About Hypnotherapy

Many people believe myths and fallacies about hypnotherapy. For example, some think that a hypnotized person can be forced to do things against their will or embarrass themselves. These misconceptions couldn't be farther from the truth! The truth is:

  • Anyone can be hypnotized
  • No one can control you
  • You would not do or say anything you would not want to
  • You are fully aware during your session
  • You can’t get “locked-in” or trapped in hypnosis

Have you ever been lost in thought or caught yourself daydreaming? This is the same mechanism your mind uses in hypnotherapy. During hypnotherapy, your conscious mind and body are in a deeply relaxed state, and your subconscious mind is more accessible. The doorway between the conscious mind and the subconscious is opened. It is a natural, yet altered state of consciousness.

This altered state of consciousness can help you accelerate mental and physical healing. It is totally natural and helps you achieve a balance in your life. You participate fully during the hypnotherapy session; in fact, you become a co-therapist in your own care. The hypnotherapist's goal is to guide you towards ridding yourself of ideas that limit and restrict your potential, and to reinforce constructive ideas that lead to your overall well-being.

Hypnotherapy is now widely accepted in the medical field. You will find it being used today in many hospitals, clinics, dental offices, and mental health practices. In recent medical studies, researchers have found measurably calmer Alpha, Beta, and Theta brain waves during hypnosis. Also, these studies show that hypnotherapy decreases pain, decreases blood loss, and speeds up healing time.

One study for breast cancer patients published in the National Cancer Institute indicated the following results: "Hypnosis was superior to attention control regarding propofol and lidocaine use; pain, nausea, fatigue, discomfort, and emotional upset at discharge; and institutional cost."1 An article in Forbes magazine from October 19th, 2005 noted that hypnotherapy "can also be applied in improving study habits, stress reduction and raising self-esteem. To those in search of better physical or mental health it's equally important that hypnotism is becoming increasingly accepted by the medical establishment and is certified by the American Psychiatric Association."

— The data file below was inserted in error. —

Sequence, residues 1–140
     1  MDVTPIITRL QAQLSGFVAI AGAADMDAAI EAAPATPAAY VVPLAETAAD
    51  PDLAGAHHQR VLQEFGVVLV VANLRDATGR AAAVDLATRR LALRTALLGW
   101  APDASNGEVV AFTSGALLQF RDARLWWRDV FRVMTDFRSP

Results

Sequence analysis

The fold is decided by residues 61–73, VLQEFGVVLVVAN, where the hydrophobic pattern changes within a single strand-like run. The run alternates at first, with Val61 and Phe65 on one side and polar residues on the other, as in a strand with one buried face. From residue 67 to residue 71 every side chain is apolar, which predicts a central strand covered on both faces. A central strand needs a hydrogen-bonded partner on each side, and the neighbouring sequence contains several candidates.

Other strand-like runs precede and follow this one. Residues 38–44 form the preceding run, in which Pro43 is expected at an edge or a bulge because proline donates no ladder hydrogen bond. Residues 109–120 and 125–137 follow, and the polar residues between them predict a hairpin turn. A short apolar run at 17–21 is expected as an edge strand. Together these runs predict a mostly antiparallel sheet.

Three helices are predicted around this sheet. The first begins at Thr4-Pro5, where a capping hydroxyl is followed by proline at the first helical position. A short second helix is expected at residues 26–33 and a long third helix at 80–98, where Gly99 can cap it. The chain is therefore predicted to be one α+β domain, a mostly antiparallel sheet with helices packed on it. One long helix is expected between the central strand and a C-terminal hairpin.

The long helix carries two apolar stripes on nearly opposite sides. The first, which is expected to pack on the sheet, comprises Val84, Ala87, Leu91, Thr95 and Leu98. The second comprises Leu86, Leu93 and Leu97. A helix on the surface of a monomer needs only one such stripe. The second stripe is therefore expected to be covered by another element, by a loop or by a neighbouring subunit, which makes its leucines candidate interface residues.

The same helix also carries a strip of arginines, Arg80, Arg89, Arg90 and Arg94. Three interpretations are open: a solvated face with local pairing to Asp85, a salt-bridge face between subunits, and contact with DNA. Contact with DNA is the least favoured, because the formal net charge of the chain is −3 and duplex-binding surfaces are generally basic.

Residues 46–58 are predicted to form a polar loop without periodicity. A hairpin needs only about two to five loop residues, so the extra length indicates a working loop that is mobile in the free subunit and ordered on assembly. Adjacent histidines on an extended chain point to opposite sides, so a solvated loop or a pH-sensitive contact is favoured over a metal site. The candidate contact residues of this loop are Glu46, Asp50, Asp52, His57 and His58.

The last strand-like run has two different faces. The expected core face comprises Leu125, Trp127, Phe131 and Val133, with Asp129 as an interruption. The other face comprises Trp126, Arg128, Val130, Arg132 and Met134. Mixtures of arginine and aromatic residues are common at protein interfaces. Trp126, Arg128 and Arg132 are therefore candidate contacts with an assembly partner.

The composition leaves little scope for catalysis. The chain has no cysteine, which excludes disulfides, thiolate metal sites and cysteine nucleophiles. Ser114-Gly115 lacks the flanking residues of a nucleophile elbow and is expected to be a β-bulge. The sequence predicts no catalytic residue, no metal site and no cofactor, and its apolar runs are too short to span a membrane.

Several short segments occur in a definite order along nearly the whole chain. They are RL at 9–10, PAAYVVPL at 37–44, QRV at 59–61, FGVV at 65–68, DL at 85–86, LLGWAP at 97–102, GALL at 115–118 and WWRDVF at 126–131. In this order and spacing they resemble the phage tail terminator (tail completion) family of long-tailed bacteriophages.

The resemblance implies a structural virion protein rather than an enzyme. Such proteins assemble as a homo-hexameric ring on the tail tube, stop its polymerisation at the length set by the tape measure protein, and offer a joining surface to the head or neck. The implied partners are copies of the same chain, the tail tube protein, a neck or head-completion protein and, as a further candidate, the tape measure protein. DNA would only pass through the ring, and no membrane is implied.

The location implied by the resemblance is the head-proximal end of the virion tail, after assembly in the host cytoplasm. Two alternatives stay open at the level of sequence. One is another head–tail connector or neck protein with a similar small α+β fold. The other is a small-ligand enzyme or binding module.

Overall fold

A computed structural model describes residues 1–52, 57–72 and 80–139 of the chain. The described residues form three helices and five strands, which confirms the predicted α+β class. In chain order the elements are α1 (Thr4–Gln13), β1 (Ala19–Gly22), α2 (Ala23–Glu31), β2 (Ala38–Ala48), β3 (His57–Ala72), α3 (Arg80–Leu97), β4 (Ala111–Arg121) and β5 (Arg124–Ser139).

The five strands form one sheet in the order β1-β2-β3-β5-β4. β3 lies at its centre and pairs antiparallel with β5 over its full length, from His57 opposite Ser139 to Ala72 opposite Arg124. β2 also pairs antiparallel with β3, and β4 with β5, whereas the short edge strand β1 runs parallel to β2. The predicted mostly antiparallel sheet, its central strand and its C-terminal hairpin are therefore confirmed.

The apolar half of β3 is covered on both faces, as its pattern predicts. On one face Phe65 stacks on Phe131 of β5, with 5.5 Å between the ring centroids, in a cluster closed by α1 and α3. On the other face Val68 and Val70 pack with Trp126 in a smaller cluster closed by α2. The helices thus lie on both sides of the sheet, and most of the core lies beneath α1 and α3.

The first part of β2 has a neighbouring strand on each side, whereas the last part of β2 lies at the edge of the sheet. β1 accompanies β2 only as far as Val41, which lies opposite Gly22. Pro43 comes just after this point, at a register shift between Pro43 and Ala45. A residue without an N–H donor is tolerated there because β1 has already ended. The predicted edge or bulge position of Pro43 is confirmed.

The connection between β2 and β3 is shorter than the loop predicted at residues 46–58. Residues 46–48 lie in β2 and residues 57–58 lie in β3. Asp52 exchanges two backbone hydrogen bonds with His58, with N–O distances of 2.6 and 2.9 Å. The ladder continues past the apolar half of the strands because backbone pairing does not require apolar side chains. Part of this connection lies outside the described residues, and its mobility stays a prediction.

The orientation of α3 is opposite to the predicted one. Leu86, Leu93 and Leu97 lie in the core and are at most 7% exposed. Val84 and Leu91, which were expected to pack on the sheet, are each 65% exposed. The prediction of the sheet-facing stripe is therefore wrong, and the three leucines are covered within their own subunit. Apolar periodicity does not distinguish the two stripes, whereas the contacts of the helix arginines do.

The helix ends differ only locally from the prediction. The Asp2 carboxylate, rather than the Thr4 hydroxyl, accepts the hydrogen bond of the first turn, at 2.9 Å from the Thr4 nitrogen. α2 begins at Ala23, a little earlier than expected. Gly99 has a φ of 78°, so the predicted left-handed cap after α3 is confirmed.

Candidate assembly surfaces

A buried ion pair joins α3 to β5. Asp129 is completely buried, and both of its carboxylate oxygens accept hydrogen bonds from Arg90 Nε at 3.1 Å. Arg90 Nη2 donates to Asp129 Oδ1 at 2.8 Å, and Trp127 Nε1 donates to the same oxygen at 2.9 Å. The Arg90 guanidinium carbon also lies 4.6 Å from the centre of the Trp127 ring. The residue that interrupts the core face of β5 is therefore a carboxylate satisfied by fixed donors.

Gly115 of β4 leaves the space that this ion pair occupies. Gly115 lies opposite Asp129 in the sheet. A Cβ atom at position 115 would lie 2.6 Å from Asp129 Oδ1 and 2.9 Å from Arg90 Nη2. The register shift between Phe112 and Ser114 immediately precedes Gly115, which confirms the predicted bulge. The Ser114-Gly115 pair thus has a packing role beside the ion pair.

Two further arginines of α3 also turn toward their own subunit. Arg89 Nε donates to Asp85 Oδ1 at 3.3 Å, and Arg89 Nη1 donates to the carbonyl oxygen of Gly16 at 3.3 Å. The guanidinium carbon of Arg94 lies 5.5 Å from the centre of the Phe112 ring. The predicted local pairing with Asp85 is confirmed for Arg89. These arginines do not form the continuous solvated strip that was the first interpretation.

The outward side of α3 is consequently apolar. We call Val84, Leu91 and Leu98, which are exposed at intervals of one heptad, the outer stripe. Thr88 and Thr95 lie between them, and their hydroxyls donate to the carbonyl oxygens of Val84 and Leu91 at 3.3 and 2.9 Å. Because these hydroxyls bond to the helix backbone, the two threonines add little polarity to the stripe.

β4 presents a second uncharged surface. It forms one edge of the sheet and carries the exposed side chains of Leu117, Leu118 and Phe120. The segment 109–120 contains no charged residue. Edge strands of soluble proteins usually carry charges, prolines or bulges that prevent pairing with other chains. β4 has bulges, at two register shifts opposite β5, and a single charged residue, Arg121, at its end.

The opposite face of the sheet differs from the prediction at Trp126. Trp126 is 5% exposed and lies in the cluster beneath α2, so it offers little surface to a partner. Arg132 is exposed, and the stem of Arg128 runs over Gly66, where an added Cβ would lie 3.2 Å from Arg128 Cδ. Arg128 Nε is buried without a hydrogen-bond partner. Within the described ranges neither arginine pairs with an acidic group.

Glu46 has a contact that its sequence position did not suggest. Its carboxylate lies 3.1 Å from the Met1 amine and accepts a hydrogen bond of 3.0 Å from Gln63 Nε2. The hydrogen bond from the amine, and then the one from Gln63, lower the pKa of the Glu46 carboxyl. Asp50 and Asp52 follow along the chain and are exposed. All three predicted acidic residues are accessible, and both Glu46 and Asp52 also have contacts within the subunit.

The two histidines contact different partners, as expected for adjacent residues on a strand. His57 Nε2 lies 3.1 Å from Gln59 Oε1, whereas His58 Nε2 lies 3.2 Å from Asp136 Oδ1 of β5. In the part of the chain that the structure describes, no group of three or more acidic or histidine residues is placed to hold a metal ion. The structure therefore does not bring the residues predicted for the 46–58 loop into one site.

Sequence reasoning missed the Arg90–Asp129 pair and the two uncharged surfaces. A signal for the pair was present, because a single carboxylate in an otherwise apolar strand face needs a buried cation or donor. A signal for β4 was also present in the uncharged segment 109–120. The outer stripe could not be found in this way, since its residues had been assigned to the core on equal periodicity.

A survey of psychotherapy literature by Alfred A. Barrios, Ph.D2 revealed the following recovery rates:

  • Psychoanalysis: 38% recovery after 600 sessions
  • Behavior Therapy: 72% recovery after 22 sessions
  • Hypnotherapy: 93% recovery after 6 sessions

There are dozens of other medical studies performed in recent years that support the use of hypnotherapy for various applications such as back pain, childbirth, anxiety, surgery, depression, hypertension, headaches, intestinal conditions, weight loss, smoking, and much more. You can find an annotated list of a few of these studies below.

Try hypnotherapy today. You can visit the Our Services page to find out more information about Puget Sound Hypnotherapy and the treatment options we provide.

1Montgomery GH, Bovbjerg DH, Schnur JB, et. al. (2007) "A randomized clinical trial of a brief hypnosis intervention to control side effects in breast surgery patients." Department of Oncological Sciences, Mount Sinai School of Medicine. Published by Oxford University Press. http://jnci.oxfordjournals.org/cgi/content/full/99/17/1304, http://www.ncbi.nlm.nih.gov/pubmed/17728216

2Barrios, A.A. (1970). "Hypnotherapy: A Reappraisal." Theory, Research and Practice, Spring 1970.

3Alladin, A. (1988). "Hypnosis in the Treatment of Severe Chronic Migraine. In M. Heap (ed.), Hypnosis: Current clinical, Experimental and Forensic Practices. London: Croom Helm. pp. 159-166.

4Schlutter, L.C., Golden, C.J. & Blume, H.G. (1980). "A Comparison of Treatments for Prefrontal Muscle Contraction Headache." British Journal of Medical Psychology, 53, 47-52.

5Harvey RF; Hinton RA; Gunary RM; Barry RE. (1989) "Individual and group hypnotherapy in treatment of refractory irritable bowel syndrome." Lancet, Feb, 1:8635, 424-5.